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Network device monitoring beyond NETCONF

This week, bloggers look at alternative methods in network device monitoring, Europe's GDPR legislation and the integration of low-code platforms within cloud offerings.

Ivan Pepelnjak, blogging in ipSpace, looked into network device monitoring and data gathering. According to Pepelnjak, it is difficult to gather structured data through network device monitoring.

In an ideal situation, network device data could be gathered with NETCONF and structured with OpenConfig or Internet Engineering Task Force YANG models. In fact, Pepelnjak said, Ansible network modules offer only a "thin layer of abstraction" that barely disguises frustrating device behavior, such as disabling paging by entering terminal length 0. Although some devices do return structured data, most send back information in text format that needs to be painstakingly parsed.

To make sense of network device monitoring data, engineers can parse the data themselves, or they can use either Python's Network Automation and Programmability Abstraction Layer with Multivendor support library or ntc-ansible.

"There's no single ideal tool. There are many tools out there, and each one is a better fit for some jobs and worse fit for others," Pepelnjak said. Some generic programming languages offer flexibility, but struggle with "heavy lifting." Others, such as Ansible, are useful for simple tasks, but unwieldy with Python modules. Pepelnjak said while many network engineers embrace Python, he prefers Perl.

Dig deeper into Pepelnjak's assessment of network device monitoring.

GDPR and the hazards of the right to be forgotten

Enterprise Strategy Group, or ESG, in Milford, Mass., said only 11% of organizations are fully prepared for the rollout of the European Union's General Data Protection Regulation (GDPR) on May 25. According to its research, only a third of organizations described themselves as mostly prepared, while 44% said they are only somewhat prepared.

ESG analyst Jon Oltsik said he guesses most organizations aim to have monitoring and controls in place by the deadline, but many will face challenges with Article 17 of GDPR -- widely known as right-to-be-forgotten legislation. In effect, Article 17 stipulates data controllers will need to be able to find and erase an EU citizen's data and prove the data was actually eliminated. These stipulations become even more challenging in light of the large number of third-party data processors.

According to Oltsik, many people researching the rollout of GDPR imagine a nightmare scenario in which thousands of EU citizens simultaneously request data controllers remove their information when the law takes effect. He laid out a few possible scenarios, such as EU citizens independently targeting major data repositories like Google and Facebook, grass-roots organizations leading data erasure campaigns with hundreds of thousands of simultaneous requests, or European law firms gathering volunteers to test GDPR compliance.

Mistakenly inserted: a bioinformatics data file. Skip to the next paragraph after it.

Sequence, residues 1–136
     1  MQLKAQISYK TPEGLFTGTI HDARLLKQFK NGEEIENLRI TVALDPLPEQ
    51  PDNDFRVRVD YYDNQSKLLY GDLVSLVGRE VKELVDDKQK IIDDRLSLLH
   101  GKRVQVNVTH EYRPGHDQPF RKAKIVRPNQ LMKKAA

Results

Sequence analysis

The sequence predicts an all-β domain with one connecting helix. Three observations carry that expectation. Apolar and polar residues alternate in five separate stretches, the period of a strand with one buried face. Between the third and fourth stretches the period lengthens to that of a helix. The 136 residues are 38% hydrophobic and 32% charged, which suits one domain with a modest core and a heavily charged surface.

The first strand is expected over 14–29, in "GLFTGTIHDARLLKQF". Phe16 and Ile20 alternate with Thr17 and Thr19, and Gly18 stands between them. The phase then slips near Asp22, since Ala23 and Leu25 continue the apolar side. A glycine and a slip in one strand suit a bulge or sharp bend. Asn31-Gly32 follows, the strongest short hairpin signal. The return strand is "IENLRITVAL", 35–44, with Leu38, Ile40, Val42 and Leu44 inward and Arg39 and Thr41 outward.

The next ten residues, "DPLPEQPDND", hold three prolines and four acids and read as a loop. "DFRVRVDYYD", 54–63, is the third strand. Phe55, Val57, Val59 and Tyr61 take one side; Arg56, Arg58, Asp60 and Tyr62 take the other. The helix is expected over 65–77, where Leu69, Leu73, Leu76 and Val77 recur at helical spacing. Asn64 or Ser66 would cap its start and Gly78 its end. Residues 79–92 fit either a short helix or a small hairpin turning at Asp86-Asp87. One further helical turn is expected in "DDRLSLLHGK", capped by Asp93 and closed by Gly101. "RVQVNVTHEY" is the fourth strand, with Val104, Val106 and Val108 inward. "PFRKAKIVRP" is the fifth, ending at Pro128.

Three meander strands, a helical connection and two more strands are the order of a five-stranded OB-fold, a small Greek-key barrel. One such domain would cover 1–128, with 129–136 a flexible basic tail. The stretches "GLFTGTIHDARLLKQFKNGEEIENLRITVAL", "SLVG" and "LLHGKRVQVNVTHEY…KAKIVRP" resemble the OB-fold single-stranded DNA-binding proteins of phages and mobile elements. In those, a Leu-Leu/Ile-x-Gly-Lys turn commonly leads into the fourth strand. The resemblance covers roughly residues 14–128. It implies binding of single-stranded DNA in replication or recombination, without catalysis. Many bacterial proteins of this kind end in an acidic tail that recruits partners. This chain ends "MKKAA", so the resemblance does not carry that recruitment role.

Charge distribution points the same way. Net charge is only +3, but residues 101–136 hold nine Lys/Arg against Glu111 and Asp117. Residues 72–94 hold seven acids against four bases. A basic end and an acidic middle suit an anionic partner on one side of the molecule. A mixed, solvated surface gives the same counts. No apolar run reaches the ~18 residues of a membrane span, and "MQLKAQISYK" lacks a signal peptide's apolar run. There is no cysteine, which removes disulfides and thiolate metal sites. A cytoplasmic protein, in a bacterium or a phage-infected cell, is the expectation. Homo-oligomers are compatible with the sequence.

Oltsik warned organizations of the consequences resulting from the need to erase their own data as a result of a corporate scandal or bad public relations. "Given this frightening but possible scenario, data privacy officers and CISOs should reinvestigate whether they are truly ready for GDPR. If your organization doesn't have automated and auditable processes to find, delete, and verify data erasure at scale, the answer is definitely, 'no,'" Oltsik wrote.

Dig deeper into Oltsik's assessment of GDPR rollout.

Low-code platforms and the integration with cloud offerings

Charlotte Dunlap, an analyst with GlobalData in Sterling, Va., said she sees a new wave of low-code tools being integrated with major cloud systems to offer developers better access to analytics and internet-of-things (IoT) services.

According to Dunlap, low-code application development platforms play a greater role in supporting a DevOps model focused on automating the steps needed for continuous integration and continuous delivery. Application development is one of the parts of the application lifecycle that still lacks automation, prompting low-code vendors such as Appian, Salesforce and OutSystems to develop new tools. Low-code and rapid app development have existed for decades, but increasingly offer noncoders the opportunity to create simple apps from templates in lieu of textual-based programming.

Dunlap said low-code platforms have received growing attention in recent months because of their potential to speed app development and quickly became a priority for cloud providers. IBM announced a partnership with low-code developer Mendix, with tools available on IBM Cloud, while Oracle is pursuing what Dunlap called a piecemeal approach.

In the near term, Dunlap said low-code platforms will be driven by organizations' need for Agile development models. The emerging DevOps model seeks platforms with AI and machine learning for automation and integration between front-end apps, back-end systems and third-party tools. Additionally, low-code providers are planning versions geared toward microservices-based app development to be deployed in containers, as well as offering connectors to cloud vendors' IoT platforms.

Read more of Dunlap's analysis of low-code platforms.

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